(But Pixar has my number. Those bastards have gotten me crying twice before the movie even really got started--Nemo and Up. I hate how I love them.)

Don't forget Wall-E!

Disney has a relatively small number of gems, but those that do stand out are ones that take a stereotypical tale and make it just unique enough that it becomes extraordinary. Like this little gem I was re-introduced to...

Hilton Collins:

Dastardly:

Susan Arendt:
Editor's Note: The House of Mouse

It's hard for an adult to believe in a concept as absurd as Happily Ever After, but Disney does its best to make you try.

Read Full Article

I've always found it interesting that Disney nearly always finds a way to kill off one or both parents. I imagine this is mostly to save a lot of animation work, rather than just for the "budget pathos" it earns the film.

In a lot of stories, and myths, the hero character comes from a broken home or a home that isn't much of a home at all (or, rather, a home that doesn't have a traditional married, nuclear family mother-father dynamic). It's kind of this universal hero's journey thing. Certainly, not ALL heroic characters come from this kind of background, but many do. I think, though I'm not sure, that a lot of heroes in Greek myths came from one night stands with gods or were orphans or something. Superman was orphaned from Krypton and raised by people who weren't his biological parents; Wonder Woman only had one parent (and in the current storyline in her own comic, her mother was killed when Wonder Woman was a baby); Batman's parents were killed in front of him; Spider-Man was raised by his Aunt and not his biological parents; most of the X-Men were raised by Professor X in a school instead of by their parents; etc.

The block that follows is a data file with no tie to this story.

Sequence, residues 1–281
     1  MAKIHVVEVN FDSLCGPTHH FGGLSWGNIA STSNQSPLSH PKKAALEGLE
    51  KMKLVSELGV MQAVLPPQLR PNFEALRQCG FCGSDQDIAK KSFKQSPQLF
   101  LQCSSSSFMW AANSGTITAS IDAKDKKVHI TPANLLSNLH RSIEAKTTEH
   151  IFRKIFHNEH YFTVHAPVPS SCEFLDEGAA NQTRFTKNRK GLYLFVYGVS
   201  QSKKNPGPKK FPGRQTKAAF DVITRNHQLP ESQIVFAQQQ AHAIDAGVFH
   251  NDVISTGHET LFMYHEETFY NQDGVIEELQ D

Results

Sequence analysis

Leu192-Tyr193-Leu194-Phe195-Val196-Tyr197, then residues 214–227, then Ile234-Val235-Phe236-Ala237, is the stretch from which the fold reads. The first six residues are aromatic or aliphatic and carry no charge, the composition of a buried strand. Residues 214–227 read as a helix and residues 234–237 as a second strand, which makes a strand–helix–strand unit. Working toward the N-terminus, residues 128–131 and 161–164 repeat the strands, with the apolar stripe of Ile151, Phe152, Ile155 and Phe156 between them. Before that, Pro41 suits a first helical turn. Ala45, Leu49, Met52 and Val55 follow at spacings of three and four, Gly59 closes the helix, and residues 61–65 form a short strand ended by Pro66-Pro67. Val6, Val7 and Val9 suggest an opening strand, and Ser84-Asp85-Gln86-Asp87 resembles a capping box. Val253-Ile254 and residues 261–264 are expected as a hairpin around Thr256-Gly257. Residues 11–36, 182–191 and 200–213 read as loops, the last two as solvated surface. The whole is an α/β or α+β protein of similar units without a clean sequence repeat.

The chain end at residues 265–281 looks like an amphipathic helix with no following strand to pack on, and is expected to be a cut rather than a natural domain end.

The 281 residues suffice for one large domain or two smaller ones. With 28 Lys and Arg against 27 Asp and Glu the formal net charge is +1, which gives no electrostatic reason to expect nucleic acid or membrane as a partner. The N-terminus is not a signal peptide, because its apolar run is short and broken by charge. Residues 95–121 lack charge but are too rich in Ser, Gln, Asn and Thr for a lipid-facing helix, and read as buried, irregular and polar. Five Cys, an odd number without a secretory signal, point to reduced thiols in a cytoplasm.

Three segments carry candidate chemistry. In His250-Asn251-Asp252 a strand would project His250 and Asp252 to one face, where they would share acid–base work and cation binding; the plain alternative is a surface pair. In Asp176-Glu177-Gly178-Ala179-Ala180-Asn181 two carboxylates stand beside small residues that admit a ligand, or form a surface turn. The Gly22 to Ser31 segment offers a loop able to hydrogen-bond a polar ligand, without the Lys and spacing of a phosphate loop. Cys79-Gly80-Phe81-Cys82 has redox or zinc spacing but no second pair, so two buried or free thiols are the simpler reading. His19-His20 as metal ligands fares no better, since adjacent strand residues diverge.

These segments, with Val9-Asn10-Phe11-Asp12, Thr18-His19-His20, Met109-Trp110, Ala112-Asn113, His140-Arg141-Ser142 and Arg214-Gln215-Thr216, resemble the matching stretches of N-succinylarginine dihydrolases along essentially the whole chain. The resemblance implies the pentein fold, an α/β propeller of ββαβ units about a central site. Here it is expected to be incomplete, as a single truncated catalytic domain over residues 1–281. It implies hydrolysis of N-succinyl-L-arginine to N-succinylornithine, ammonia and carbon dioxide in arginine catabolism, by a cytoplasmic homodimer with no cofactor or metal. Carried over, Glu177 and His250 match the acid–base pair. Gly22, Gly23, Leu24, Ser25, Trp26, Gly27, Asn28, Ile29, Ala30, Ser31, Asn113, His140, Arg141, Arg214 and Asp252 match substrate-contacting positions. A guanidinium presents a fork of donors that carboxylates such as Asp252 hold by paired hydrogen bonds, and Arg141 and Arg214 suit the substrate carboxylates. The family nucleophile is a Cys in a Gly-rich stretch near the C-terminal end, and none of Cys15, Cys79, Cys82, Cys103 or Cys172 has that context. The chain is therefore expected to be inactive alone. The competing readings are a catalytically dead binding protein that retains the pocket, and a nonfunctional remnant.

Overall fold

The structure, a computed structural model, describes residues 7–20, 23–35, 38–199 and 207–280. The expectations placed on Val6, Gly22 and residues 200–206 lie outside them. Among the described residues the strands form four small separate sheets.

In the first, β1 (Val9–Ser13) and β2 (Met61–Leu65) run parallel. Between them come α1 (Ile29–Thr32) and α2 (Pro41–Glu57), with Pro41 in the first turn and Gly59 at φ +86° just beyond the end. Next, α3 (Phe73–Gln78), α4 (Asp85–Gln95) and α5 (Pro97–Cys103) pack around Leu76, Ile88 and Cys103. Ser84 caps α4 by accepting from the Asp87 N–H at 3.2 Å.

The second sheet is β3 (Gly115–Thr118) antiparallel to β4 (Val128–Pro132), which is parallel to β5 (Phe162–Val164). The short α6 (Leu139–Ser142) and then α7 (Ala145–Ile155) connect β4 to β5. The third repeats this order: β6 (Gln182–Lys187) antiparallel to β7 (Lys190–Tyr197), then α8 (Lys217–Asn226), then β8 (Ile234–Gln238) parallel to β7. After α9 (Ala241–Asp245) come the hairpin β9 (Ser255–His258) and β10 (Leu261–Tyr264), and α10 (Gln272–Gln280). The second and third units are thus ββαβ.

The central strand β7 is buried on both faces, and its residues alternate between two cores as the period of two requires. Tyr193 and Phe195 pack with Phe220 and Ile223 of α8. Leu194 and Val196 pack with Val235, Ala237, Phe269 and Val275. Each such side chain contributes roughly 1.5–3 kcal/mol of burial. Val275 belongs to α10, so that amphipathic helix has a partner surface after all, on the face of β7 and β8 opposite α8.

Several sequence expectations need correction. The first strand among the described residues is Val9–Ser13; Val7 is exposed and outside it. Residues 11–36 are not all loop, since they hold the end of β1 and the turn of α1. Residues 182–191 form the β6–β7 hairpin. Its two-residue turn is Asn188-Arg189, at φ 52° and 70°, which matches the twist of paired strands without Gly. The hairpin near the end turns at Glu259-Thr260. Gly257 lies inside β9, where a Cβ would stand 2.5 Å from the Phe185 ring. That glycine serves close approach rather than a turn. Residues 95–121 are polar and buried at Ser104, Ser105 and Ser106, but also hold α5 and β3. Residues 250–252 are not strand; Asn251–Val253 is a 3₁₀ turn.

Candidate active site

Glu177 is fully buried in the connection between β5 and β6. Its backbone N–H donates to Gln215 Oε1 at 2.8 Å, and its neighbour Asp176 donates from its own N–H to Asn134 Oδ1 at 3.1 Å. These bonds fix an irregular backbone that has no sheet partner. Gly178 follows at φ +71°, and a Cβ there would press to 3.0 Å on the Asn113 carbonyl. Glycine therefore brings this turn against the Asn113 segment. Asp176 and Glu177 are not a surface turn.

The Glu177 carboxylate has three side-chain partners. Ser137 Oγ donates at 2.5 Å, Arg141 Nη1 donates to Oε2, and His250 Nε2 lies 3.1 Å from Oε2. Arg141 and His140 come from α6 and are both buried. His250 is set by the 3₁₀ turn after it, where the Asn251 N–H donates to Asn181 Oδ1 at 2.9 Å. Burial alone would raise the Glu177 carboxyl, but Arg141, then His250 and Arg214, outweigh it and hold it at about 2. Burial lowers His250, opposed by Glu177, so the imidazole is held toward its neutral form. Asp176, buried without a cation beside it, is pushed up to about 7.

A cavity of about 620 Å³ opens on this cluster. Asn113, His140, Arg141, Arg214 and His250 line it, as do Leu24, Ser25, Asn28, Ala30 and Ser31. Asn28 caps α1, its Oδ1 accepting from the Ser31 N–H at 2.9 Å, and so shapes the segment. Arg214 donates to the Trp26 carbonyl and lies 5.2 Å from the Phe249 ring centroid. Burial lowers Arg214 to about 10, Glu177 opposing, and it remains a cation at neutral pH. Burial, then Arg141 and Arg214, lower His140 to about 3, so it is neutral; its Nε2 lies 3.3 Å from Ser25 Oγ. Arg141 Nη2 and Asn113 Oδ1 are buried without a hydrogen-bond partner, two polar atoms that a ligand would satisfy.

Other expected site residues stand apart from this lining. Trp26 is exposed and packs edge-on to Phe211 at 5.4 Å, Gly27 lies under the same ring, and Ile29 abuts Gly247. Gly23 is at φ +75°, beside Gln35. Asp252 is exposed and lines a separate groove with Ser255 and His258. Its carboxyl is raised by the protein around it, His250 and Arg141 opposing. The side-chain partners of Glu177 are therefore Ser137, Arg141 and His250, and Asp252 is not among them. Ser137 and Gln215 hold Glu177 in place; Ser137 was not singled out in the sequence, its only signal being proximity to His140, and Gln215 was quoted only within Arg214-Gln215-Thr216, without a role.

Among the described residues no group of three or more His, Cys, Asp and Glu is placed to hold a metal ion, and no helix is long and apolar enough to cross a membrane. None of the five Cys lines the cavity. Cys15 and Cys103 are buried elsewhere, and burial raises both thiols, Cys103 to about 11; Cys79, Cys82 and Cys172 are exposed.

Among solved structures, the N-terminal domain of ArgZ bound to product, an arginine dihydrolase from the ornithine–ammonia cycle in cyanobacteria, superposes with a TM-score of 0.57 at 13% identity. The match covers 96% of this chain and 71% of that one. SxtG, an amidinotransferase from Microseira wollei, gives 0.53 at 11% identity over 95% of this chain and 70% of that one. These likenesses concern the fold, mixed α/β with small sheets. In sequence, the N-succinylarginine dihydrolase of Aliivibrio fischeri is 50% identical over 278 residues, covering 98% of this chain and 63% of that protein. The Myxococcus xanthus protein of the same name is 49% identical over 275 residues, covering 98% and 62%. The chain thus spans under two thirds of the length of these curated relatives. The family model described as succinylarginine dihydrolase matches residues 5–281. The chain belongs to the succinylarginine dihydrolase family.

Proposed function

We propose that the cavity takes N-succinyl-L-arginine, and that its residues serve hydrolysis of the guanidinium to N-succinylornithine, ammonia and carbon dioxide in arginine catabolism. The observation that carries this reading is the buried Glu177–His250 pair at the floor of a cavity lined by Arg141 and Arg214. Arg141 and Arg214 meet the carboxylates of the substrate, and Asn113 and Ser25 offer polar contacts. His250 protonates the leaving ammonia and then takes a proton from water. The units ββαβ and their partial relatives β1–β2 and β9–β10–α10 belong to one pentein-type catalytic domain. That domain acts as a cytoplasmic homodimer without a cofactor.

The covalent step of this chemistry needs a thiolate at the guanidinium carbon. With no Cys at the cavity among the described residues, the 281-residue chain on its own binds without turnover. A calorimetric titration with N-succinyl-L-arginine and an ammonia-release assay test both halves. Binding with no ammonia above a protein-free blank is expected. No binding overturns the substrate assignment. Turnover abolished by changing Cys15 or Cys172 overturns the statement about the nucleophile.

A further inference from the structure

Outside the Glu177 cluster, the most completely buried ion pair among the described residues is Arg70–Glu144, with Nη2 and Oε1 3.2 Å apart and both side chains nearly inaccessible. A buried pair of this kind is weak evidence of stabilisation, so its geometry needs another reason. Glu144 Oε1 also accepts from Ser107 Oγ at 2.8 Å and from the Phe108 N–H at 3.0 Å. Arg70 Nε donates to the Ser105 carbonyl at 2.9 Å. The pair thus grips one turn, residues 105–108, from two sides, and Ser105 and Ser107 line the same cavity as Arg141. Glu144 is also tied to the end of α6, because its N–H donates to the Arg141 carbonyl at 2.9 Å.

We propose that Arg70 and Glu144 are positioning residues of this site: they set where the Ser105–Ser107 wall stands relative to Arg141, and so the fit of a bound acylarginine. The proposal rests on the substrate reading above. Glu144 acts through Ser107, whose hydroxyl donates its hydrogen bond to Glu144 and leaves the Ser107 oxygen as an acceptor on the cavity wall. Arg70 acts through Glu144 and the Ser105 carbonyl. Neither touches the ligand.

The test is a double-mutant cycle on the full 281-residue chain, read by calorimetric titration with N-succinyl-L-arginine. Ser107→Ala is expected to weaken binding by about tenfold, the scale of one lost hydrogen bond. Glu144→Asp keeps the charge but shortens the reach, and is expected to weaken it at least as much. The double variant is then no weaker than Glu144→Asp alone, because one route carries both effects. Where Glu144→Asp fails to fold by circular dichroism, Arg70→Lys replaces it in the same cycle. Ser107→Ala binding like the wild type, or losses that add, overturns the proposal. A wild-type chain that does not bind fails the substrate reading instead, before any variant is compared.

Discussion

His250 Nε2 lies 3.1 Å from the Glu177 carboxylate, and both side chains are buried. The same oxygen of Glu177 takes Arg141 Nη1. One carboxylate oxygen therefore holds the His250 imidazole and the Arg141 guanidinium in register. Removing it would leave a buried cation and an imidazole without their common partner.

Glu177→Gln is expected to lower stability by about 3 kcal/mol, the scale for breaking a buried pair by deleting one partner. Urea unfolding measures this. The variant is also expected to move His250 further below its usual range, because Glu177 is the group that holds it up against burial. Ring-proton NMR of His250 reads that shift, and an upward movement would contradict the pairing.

Indeed, but this happens even in situations where a character isn't particularly called upon to be heroic. For Disney, I really think it's about not having to animate and write for another parent. This is, after all, the company that has saved probably millions of dollars by giving Mickey Mouse one less finger.

Even in many of the heroic examples you've mentioned, I think often this forced orphanhood is an economizing measure more than it is directly related to the story. Batman is an obvious exception, as the loss of his parents is integral to his character. But Spiderman? The loss of Uncle Ben is a defining moment, but why isn't it Dad Ben, y'know? (I think the reason is that it's easier to believe a teenage boy is moonlighting as a superhero underneath his aunt and uncle's noses, rather than his parents).

Same for the X-Men. Simply writing out the parents has the benefit of treating what are often kids as though they have the autonomy of adults, without having to occasionally try to keep backstory continuity straight.

It's hard for an adult to believe in a concept as absurd as Happily Ever After...

And yet, most religious people somehow still manage, don't they?

As for Disney, I have to compartmentalise their films (in which I usually find something to enjoy, at least from their animated features) and their business ethos and practices (which are frequently disturbing). It's a balancing act.